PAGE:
Becoming an owner operator can help you experience great levels of success. But just like starting any other job or business, you need to plan carefully and make considerations.
1. Start Off With a Used Truck
Starting an owner operator business is much like starting any other type of business — you’ll need a certain amount of money up front. You don’t want to overstretch your finances right off the bat, so it makes more economic sense to start off with a used truck rather than a new one. You should look at the used market when first getting into this business in order to shave a few dollars off the cost of a truck.
2. Maintain Your Truck Regularly
Make sure to take great care of your truck as much as possible. This means maintaining it on a regular basis, and inspecting it to make sure that you nab any problems before they become way too expensive to fix. Maintaining a vigilant approach to maintenance is important, which includes regular oil changes and grease jobs. Make sure not to go over 20,000 miles before oil changes. Even the smallest thing, such as an air leak, should not go unchecked.
3. Take Advantage of Your Downtime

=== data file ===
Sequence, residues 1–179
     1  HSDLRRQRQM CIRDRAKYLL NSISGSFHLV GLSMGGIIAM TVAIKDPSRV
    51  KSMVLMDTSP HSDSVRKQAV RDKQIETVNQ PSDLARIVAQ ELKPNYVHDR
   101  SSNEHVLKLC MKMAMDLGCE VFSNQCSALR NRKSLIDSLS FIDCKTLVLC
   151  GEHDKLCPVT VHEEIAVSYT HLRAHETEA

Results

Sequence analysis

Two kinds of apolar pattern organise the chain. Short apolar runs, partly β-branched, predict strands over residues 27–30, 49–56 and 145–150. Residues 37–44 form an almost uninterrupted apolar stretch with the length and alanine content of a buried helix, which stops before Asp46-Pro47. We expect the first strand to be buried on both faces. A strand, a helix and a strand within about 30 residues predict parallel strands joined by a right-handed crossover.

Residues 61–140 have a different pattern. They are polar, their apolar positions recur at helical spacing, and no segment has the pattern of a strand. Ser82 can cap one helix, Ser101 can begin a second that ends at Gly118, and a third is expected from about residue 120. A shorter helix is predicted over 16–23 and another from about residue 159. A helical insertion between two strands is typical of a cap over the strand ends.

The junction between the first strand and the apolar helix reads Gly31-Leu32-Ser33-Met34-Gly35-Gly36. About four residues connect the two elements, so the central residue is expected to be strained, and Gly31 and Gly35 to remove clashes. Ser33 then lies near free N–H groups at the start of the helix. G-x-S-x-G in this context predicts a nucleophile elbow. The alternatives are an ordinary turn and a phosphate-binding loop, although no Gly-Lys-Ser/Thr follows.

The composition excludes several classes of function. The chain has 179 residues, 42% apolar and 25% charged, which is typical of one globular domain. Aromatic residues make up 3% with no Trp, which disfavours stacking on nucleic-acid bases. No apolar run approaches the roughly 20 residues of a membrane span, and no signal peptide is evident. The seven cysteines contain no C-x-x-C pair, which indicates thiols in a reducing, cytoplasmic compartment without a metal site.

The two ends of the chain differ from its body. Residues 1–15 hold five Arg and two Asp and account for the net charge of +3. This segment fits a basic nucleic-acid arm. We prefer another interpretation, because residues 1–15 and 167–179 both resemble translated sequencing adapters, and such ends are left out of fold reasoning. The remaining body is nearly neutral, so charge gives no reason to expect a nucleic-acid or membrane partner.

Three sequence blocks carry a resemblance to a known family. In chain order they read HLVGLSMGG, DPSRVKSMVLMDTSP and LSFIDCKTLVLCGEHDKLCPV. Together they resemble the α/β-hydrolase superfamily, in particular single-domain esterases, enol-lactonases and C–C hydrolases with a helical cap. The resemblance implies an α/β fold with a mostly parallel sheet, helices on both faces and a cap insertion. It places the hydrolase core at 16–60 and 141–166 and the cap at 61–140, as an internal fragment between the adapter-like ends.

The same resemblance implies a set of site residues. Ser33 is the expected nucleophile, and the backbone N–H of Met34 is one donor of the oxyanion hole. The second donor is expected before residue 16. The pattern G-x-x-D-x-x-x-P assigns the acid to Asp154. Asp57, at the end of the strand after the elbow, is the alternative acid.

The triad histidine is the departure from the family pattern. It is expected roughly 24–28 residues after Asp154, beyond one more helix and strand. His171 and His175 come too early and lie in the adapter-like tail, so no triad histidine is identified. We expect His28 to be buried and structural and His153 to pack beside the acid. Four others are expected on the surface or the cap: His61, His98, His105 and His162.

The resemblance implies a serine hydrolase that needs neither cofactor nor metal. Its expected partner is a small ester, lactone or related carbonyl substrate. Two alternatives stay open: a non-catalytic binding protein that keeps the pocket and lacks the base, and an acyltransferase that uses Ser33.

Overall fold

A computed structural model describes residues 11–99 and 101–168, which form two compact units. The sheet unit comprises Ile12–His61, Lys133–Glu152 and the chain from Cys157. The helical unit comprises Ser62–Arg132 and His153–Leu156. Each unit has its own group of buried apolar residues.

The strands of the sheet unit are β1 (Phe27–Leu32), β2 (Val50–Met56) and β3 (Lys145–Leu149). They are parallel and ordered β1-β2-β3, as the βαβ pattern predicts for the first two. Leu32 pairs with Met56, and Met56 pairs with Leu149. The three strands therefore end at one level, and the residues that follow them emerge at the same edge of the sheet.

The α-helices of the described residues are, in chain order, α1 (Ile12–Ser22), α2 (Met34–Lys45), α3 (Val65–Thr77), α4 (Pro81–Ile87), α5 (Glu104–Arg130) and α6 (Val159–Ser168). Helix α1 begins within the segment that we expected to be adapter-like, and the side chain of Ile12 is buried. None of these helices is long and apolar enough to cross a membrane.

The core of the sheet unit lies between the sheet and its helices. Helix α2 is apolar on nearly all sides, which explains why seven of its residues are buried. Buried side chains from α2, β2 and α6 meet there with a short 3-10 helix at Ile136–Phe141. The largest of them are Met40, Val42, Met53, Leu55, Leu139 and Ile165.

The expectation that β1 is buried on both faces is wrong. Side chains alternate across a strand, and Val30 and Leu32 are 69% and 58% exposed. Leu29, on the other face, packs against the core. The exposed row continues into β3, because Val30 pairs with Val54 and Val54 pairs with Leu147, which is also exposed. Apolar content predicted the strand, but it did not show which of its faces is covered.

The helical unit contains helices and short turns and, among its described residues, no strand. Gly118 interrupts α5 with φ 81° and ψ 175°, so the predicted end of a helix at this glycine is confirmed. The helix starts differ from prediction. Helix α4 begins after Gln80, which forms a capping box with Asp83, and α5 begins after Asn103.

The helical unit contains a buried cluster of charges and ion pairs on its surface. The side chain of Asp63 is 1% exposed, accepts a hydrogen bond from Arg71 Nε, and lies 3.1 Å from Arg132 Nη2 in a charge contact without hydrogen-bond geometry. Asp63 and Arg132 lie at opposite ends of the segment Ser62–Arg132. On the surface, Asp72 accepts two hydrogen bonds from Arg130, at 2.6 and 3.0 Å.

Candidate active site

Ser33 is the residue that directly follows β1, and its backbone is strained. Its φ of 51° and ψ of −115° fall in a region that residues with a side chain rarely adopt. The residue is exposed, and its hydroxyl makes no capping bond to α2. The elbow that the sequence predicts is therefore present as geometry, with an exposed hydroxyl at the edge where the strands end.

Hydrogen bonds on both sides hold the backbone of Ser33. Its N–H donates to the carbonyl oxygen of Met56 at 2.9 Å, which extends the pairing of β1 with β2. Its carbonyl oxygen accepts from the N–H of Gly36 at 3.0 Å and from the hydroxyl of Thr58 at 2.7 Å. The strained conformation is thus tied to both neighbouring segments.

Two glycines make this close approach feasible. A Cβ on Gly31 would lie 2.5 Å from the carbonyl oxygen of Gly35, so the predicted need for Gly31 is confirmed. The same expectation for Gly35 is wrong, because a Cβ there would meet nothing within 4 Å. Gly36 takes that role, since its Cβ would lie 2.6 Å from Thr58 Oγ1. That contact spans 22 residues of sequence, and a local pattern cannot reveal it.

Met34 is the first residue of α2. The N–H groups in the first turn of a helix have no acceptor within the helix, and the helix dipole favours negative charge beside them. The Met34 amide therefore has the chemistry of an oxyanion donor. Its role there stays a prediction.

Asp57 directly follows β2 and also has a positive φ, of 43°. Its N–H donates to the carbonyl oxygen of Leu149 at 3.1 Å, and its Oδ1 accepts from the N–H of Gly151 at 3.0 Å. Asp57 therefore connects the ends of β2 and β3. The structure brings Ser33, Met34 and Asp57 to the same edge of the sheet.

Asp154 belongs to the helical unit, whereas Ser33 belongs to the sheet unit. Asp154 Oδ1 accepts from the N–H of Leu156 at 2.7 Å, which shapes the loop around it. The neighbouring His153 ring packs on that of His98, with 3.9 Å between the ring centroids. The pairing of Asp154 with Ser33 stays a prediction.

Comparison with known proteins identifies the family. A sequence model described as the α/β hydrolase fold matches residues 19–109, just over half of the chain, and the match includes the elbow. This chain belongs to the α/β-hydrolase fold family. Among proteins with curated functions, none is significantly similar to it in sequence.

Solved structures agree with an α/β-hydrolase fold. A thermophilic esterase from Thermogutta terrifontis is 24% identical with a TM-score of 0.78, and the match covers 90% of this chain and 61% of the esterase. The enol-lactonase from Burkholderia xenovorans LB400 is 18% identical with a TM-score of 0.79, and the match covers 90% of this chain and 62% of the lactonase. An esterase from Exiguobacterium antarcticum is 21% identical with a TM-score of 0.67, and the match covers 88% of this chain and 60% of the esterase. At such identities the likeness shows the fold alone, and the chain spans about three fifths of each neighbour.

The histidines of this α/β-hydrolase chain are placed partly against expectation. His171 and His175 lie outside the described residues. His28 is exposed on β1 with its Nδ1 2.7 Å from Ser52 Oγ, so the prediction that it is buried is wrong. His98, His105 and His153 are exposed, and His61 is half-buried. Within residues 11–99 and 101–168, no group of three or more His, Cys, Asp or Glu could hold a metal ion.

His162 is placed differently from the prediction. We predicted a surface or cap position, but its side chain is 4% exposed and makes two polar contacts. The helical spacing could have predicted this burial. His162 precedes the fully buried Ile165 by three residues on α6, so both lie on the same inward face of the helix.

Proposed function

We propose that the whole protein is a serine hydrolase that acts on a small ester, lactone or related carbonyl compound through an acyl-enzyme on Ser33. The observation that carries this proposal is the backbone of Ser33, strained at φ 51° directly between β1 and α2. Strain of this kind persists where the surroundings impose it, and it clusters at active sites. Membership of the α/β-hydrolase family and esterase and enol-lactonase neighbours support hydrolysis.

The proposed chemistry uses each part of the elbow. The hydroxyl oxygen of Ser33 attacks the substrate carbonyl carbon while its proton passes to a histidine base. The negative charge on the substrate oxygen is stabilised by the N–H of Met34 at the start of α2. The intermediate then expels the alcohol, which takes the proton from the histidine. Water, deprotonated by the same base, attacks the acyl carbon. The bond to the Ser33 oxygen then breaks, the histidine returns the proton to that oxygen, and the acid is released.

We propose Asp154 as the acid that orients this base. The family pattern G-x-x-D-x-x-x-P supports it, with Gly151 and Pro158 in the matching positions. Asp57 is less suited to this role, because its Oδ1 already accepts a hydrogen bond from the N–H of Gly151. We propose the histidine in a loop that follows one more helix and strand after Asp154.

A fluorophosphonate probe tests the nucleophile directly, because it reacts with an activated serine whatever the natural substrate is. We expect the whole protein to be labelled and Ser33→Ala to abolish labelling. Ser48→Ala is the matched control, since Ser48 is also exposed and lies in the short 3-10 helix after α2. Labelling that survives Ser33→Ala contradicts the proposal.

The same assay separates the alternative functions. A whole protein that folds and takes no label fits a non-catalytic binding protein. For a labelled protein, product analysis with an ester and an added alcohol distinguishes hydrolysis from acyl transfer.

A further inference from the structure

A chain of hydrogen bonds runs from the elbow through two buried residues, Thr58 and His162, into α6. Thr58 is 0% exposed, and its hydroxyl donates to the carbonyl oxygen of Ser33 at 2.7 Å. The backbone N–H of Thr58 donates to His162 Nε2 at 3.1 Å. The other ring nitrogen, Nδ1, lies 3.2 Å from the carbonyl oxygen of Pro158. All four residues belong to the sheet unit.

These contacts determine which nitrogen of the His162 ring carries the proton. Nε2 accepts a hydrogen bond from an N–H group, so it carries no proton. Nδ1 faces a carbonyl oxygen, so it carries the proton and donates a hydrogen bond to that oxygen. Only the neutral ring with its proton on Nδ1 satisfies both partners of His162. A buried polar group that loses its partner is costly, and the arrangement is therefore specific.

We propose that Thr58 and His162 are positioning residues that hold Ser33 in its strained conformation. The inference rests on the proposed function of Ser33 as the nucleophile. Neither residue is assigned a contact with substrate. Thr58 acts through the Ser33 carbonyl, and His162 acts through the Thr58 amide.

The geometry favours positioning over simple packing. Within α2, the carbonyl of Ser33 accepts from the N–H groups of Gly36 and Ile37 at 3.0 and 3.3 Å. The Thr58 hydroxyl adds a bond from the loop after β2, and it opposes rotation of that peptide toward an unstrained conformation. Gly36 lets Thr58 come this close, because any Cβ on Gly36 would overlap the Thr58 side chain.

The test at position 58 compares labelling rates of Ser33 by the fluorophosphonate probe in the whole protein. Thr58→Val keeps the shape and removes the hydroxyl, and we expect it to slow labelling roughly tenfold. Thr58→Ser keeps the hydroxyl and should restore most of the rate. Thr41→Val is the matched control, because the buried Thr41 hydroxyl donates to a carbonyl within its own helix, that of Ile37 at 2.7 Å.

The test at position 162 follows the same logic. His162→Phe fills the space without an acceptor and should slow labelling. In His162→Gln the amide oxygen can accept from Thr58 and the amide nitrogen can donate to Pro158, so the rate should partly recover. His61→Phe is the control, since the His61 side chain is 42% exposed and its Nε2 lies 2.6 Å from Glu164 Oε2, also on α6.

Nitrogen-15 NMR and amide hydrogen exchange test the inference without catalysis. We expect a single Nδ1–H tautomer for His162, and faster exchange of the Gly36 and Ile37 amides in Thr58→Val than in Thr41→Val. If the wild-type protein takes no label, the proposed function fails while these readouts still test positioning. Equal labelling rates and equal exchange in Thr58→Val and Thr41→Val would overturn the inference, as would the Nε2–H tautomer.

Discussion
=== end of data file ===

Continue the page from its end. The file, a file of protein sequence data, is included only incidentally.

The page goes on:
When you’re waiting for items to be loaded or unloaded, use that time to do your business planning or do some simple maintenance tasks on your truck. Time is valuable, so you might as well use it wisely.
4. Save Money for Repairs
It’s always good to have money put aside for a rainy day. An emergency situation could arise at any time. You could blow a tire or get into an accident. Having a financial cushion can help you stay on top of the game without sinking into a financial hole soon after you started.Using freight bill factoring can also help cover expenses if you need immediate funding.
The owner operator business is a lucrative one. At LeaseToLandstar.com, we can point you to plenty of straight truck owner operator jobs for you to consider when working with us. Visit LeaseToLandstar.com today to get started.